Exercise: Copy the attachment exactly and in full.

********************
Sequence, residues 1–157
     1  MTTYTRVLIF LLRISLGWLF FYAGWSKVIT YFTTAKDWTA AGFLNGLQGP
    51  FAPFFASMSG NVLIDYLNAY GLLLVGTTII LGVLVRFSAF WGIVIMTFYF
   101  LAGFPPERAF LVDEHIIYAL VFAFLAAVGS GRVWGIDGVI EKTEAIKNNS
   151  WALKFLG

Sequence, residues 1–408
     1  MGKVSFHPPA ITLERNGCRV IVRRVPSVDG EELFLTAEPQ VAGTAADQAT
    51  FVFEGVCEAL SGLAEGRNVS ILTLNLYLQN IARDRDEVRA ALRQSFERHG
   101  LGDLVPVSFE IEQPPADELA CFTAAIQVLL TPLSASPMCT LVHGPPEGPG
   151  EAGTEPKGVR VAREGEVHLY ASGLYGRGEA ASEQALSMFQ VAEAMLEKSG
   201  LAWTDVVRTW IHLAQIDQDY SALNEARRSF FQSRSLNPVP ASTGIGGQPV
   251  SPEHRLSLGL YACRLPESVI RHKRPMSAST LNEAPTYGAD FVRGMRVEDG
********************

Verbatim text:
Sequence, residues 1–157
     1  MTTYTRVLIF LLRISLGWLF FYAGWSKVIT YFTTAKDWTA AGFLNGLQGP
    51  FAPFFASMSG NVLIDYLNAY GLLLVGTTII LGVLVRFSAF WGIVIMTFYF
   101  LAGFPPERAF LVDEHIIYAL VFAFLAAVGS GRVWGIDGVI EKTEAIKNNS
   151  WALKFLG

Sequence, residues 1–408
     1  MGKVSFHPPA ITLERNGCRV IVRRVPSVDG EELFLTAEPQ VAGTAADQAT
    51  FVFEGVCEAL SGLAEGRNVS ILTLNLYLQN IARDRDEVRA ALRQSFERHG
   101  LGDLVPVSFE IEQPPADELA CFTAAIQVLL TPLSASPMCT LVHGPPEGPG
   151  EAGTEPKGVR VAREGEVHLY ASGLYGRGEA ASEQALSMFQ VAEAMLEKSG
   201  LAWTDVVRTW IHLAQIDQDY SALNEARRSF FQSRSLNPVP ASTGIGGQPV
   251  SPEHRLSLGL YACRLPESVI RHKRPMSAST LNEAPTYGAD FVRGMRVEDG